- Banffshire and Franklin Preserves will be closed to the public for the two weeks following Thanksgiving for the state’s shotgun season.
- Hunters must pass a hunting proficiency/skills test and have taken the hunting/trapper safety course (required for the license) and if bow hunting, the newer bow hunting safety course.
- Only FDMA hunters, no guests or junior hunters, can hunt on Franklin’s public preserves.
- Zones will be established in each preserve and FDMA members will be assigned to those zones with no more than one hunter per 10 wooded acres.
- Maps will be installed in the parking lots at each preserve which indicates the zones. When hunters are actively hunting, they must mark the zone on the map so that others using the preserve will know hunters are present.
- Hunters must register in advance for zones where they will hunt. This information will be posted on the FDMA website and the public can access the information from a link on the Township’s website.
- While actively hunting on preserve lands, FDMA members will carry identification, wear an FDMA armband and place a FDMA vehicle identification card in their parked vehicles.
- No driving of deer will be permitted on preserve lands during hunting season.
- Occupied dwellings will include residences as well as barns, stables, and turn-out sheds for safety zones and setbacks.
- Setback allowances (distances from where shots can be taken) were adjusted to include 450-feet from residential playgrounds, 50-feet from trails, and 450-feet from the playing fields in Crossan Park.
- The program shall be evaluated after the season ends.
- A Deer Committee, comprised of hunters and non-hunters will be formed to guide hunting on preserve lands going forward.
During public comment, those opposed to the hunting expressed outrage that hunting was being allowed on open space lands paid for with local tax dollars. Many residents present had property bordering the preserves and were concerned about their safety as well as the safety of their horses and pets. A youth soccer coach was also concerned about the safety of children in Crossan Park as many times siblings enter the wooded areas around the playing fields.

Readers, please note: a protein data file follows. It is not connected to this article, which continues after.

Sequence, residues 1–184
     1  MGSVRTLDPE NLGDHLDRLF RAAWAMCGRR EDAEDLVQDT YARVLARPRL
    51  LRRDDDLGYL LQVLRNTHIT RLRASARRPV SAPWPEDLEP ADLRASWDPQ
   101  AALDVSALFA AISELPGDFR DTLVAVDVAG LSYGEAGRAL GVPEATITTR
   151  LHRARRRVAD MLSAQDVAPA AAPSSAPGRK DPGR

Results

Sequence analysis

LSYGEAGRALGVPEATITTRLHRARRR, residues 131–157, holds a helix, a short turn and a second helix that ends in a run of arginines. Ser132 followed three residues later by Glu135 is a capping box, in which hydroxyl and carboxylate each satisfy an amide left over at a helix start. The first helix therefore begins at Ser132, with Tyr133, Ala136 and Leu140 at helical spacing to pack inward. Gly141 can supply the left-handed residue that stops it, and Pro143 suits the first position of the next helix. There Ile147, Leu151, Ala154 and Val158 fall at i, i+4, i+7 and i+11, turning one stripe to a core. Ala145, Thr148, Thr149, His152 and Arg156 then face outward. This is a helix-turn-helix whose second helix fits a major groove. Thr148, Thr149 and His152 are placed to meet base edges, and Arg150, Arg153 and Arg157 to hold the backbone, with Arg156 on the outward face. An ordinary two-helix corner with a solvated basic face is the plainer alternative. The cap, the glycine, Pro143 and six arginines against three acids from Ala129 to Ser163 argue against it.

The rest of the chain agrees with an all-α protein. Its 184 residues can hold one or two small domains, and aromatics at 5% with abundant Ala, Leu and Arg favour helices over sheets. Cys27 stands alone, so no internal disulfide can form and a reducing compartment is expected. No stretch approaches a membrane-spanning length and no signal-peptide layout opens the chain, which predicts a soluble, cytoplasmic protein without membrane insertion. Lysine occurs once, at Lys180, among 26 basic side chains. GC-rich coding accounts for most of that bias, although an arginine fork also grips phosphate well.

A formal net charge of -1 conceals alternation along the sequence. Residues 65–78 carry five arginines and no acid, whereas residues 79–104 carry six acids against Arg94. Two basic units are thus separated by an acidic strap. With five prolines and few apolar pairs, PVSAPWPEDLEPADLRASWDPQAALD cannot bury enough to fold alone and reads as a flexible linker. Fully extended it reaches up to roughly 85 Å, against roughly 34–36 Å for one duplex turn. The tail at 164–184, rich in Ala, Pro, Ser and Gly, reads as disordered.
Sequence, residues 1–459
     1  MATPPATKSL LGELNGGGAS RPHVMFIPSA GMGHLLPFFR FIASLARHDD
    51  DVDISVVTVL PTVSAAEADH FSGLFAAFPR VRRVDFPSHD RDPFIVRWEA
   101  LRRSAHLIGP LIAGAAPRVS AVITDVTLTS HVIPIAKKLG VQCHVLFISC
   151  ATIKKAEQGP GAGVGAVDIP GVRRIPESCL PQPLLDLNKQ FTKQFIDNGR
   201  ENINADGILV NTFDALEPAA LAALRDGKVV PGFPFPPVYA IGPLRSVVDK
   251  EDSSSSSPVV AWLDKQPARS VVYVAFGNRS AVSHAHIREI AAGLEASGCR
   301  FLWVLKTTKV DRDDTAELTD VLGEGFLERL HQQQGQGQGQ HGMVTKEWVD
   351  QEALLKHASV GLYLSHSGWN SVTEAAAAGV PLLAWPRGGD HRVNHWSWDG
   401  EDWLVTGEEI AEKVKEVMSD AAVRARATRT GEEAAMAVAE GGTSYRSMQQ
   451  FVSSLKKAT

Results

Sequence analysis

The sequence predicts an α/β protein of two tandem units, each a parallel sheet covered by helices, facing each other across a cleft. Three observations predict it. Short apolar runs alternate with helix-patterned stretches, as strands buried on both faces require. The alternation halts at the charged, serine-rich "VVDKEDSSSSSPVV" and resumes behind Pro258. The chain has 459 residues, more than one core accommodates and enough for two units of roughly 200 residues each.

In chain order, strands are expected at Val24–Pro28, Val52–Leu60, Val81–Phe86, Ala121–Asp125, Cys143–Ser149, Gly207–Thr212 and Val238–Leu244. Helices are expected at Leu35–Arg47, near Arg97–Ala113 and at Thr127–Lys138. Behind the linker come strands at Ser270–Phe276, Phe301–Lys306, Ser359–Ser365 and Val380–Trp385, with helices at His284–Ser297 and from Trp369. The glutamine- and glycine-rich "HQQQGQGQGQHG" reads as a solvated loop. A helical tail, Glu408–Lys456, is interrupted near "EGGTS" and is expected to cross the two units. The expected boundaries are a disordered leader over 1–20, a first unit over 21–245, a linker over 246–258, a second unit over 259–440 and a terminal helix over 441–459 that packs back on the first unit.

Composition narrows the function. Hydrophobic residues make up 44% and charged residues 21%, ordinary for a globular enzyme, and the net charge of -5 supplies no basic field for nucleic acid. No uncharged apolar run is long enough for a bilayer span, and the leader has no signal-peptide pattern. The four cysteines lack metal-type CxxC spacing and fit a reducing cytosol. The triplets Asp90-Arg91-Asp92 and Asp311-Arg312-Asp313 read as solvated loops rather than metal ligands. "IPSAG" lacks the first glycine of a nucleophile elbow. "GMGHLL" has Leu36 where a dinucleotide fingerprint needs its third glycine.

In favor of the hunting, one resident reminded the audience that hunting is a legitimate recreational activity. Comments included that these preserves were hunted safely as private lands for many years. Also, allowing hunting in a regulated way will improve safety as well as stop people from illegally hunting the land.
“I think we’re jumping into this too quick,” said Overton. “It seems unbalanced. I don’t want to stop it, I just whittle it down. It seems unfair that 30 people are going to get the run of our preserves for four months. It’s more like deer management is a benefit of a recreational hunting program.”
“This is about local hunters coming together to manage (deer on) the properties,” countered Eric Johnson, Communications Officers for the FDMA. “There’s been a lot of speculation and assumptions. We are not rushing into this blind; not doing this on our own. The group would like to be able to hunt, but we’re not trying to force it. We used examples of successful clubs and modeled ours after a number of them.”
Although the resolution passed, hunting will not start immediately on the preserves. In a telephone interview after the meeting Johnson said the organization will hold an emergency meeting soon to discuss the results of the resolution. There is still work to be done in order to adhere to the amendments in the resolution.
“Hunting is a right, not a privilege,” said Johnson. “The property owner, in this case the township, dictates what you can do. We want to work towards mutual respect and understanding. We’re going to be cautious and tread lightly and begin to build acceptance.”